• If you are not on insulin, and your diabetes is controlled with medicines or diet alone, you should test at least once daily, usually before breakfast.

  • A weekly profile will help your caregiver advise you on your care plan. The week before your visit, check your glucose before a meal and 2 hours after a meal at least daily. You may want to test before and after a different meal each day so you and your caregiver can tell how well controlled your blood sugars are throughout the course of a 24 hour period.

  • Gestational diabetes (diabetes during pregnancy).

  • Frequent testing is often necessary. Accurate timing is important.

  • If you are not on insulin, check your glucose 4 times a day. Check it before breakfast and 1 hour after the start of each meal.

  • If you are on insulin, check your glucose 6 times a day. Check it before each meal and 1 hour after the first bite of each meal.

  • General guidelines.

  • More frequent testing is required at the start of insulin treatment. Your caregiver will instruct you.

  • Test your glucose any time you suspect you have low blood sugar (hypoglycemia).

  • You should test more often when you change medicines, when you have unusual stress or illness, or in other unusual circumstances.


  • Measurement Range. Most glucose meters are able to read glucose levels over a broad range of values from as low as 0 to as high as 600 mg/dL. If you get an extremely high or low reading from your meter, you should first confirm it with another reading. Report very high or very low readings to your caregiver.

  • Whole Blood Glucose versus Plasma Glucose. Some older home glucose meters measure glucose in your whole blood. In a lab or when using some newer home glucose meters, the glucose is measured in your plasma (one component of blood). The difference can be important. It is important for you and your caregiver to know whether your meter gives its results as "whole blood equivalent" or "plasma equivalent."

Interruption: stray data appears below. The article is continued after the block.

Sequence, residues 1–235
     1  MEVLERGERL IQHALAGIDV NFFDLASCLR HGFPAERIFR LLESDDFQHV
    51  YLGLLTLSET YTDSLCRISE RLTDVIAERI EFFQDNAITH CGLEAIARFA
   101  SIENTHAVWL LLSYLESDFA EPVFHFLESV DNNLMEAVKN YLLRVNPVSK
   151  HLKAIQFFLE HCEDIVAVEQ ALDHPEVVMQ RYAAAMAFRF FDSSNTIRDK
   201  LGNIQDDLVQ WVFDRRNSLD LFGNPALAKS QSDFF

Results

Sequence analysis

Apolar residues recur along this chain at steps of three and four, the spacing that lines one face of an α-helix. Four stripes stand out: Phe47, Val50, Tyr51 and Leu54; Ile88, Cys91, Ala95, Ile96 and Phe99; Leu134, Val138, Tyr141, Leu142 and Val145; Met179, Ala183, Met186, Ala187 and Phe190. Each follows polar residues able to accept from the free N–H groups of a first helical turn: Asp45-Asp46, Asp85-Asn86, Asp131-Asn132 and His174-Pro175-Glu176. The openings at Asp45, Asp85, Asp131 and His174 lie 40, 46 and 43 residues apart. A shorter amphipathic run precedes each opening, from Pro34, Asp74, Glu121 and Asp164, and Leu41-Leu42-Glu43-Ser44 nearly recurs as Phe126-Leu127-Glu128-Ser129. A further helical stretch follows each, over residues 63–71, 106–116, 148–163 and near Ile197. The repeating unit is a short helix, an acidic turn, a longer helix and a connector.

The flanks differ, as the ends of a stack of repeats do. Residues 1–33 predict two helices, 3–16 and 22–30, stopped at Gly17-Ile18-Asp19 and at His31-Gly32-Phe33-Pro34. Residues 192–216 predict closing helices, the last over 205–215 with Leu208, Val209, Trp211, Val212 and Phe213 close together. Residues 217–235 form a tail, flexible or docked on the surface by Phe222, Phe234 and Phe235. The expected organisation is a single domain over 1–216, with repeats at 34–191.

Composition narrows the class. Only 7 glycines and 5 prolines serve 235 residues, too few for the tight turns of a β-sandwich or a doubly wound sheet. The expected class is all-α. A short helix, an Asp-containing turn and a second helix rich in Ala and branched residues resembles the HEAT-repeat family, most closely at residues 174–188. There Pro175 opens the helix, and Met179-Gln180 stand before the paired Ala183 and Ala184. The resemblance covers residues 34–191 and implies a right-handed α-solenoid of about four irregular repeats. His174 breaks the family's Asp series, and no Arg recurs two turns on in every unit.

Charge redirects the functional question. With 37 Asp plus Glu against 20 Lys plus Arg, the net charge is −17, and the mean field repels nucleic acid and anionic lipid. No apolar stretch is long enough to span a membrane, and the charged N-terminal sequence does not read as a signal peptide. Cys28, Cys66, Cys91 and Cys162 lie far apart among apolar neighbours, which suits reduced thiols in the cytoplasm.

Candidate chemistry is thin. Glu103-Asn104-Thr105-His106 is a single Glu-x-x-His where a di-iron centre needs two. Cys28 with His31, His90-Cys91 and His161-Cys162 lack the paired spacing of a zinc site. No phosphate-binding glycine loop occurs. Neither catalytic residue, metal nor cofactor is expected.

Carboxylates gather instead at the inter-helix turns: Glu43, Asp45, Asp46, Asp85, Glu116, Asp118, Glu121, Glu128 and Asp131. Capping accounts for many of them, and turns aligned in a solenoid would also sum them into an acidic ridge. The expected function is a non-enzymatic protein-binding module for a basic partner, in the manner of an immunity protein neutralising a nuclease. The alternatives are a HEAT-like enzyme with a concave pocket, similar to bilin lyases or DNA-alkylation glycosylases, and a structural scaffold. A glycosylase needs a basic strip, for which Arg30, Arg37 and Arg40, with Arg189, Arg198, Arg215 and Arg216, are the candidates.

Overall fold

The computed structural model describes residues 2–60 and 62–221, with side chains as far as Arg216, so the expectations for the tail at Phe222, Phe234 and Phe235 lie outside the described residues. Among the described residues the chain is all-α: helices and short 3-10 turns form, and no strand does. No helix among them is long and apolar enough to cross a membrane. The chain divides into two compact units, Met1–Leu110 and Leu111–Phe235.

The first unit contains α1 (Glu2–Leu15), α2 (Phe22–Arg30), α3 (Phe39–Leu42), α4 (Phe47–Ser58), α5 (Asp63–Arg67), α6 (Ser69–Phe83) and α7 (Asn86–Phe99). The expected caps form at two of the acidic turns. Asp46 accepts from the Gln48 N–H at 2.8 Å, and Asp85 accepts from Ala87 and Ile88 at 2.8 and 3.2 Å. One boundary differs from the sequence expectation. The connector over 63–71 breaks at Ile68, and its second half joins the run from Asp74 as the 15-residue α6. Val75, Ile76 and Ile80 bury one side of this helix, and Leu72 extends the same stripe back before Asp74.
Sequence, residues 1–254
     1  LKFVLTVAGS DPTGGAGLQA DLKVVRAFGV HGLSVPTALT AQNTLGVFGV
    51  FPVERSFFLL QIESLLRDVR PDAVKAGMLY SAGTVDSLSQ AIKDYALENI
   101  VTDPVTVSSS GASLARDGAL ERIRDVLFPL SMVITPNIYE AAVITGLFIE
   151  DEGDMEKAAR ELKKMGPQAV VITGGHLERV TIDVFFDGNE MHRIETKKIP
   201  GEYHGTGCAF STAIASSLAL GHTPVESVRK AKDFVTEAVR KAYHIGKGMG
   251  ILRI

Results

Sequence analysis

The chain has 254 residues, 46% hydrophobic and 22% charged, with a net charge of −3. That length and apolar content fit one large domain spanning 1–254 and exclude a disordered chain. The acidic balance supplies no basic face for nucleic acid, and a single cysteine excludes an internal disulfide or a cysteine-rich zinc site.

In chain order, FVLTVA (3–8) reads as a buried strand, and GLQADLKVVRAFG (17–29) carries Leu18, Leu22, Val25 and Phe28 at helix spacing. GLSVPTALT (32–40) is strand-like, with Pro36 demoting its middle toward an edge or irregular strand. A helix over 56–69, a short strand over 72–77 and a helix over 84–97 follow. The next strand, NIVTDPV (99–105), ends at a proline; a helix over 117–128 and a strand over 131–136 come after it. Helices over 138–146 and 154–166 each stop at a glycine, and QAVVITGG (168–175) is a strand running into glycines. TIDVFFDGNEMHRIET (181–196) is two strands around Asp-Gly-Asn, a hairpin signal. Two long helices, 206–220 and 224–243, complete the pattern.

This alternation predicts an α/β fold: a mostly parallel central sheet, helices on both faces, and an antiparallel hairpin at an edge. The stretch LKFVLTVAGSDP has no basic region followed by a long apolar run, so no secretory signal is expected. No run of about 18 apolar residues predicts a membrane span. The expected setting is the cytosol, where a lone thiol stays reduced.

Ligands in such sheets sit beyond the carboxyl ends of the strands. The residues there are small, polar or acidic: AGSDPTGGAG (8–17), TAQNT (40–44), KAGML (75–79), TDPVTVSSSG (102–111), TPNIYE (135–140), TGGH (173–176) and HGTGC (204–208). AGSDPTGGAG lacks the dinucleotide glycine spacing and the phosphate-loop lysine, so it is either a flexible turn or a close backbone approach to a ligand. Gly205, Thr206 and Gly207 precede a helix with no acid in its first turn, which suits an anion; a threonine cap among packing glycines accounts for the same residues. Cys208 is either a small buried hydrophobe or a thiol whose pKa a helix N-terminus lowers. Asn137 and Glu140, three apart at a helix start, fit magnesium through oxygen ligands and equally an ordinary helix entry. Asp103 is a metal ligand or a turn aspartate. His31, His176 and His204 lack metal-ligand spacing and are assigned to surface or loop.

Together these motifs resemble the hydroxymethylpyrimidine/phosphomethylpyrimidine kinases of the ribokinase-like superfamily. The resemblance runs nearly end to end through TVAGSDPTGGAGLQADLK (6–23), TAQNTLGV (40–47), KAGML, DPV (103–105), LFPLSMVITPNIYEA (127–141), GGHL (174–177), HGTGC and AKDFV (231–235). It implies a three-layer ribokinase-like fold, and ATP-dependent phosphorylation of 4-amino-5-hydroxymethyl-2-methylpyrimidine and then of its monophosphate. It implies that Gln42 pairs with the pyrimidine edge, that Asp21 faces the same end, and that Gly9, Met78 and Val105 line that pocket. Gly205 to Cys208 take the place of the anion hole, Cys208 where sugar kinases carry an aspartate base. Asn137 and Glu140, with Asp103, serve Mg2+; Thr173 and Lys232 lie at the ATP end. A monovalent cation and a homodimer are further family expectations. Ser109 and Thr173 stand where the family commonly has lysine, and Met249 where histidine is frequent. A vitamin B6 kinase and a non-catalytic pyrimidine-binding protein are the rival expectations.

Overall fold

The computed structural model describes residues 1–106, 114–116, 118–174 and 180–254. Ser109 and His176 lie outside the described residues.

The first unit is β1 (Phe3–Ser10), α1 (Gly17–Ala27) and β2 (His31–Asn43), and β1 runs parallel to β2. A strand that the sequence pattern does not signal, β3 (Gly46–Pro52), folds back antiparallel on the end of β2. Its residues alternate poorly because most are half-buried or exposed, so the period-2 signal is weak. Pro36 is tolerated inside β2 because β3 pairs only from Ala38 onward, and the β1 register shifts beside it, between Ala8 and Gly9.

• Display of High and Low Glucose Values. Part of learning how to operate a meter is understanding what the meter results mean. Know how high and low glucose concentrations are displayed on your meter.

  • Factors that Affect Glucose Meter Performance. The accuracy of your test results depends on many factors and varies depending on the brand and type of meter. These factors include:

  • Low red blood cell count (anemia).

  • Substances in your blood (such as uric acid, vitamin C, and others).

  • Environmental factors (temperature, humidity, altitude).

  • Name-brand versus generic test strips.

  • Calibration. Make sure your meter is set up properly. It is a good idea to do a calibration test with a control solution recommended by the manufacturer of your meter whenever you begin using a fresh bottle of test strips. This will help verify the accuracy of your meter.

  • Improperly stored, expired, or defective test strips. Keep your strips in a dry place with the lid on.

  • Soiled meter.

  • Inadequate blood sample.


Alternative site testing

Some glucose meters allow testing blood from alternative sites. These include the:

  • Upper arm.

  • Forearm.

  • Base of the thumb.

  • Thigh.

Sampling blood from alternative sites may be desirable. However, it may have some limitations. Blood in the fingertips show changes in glucose levels more quickly than blood in other parts of the body. This means that alternative site test results may be different from fingertip test results, not because of the meter's ability to test accurately, but because the actual glucose concentration can be different.

Continuous Glucose Monitoring

Devices to measure your blood glucose continuously are available, and others are in development. These methods can be more expensive than self-monitoring with a glucose meter. However, it is uncertain how effective and reliable these devices are. Your caregiver will advise you if this approach makes sense for you.


SMBG is an important part of the treatment plan of patients with diabetes mellitus. Below are reasons for using SMBG:

  • It confirms that your glucose is at a specific, healthy level.

  • It detects hypoglycemia and severe hyperglycemia.

  • It allows you and your caregiver to make adjustments in response to changes in lifestyle for individuals requiring medicine.

  • It determines the need for starting insulin therapy in temporary diabetes that happens during pregnancy (gestational diabetes).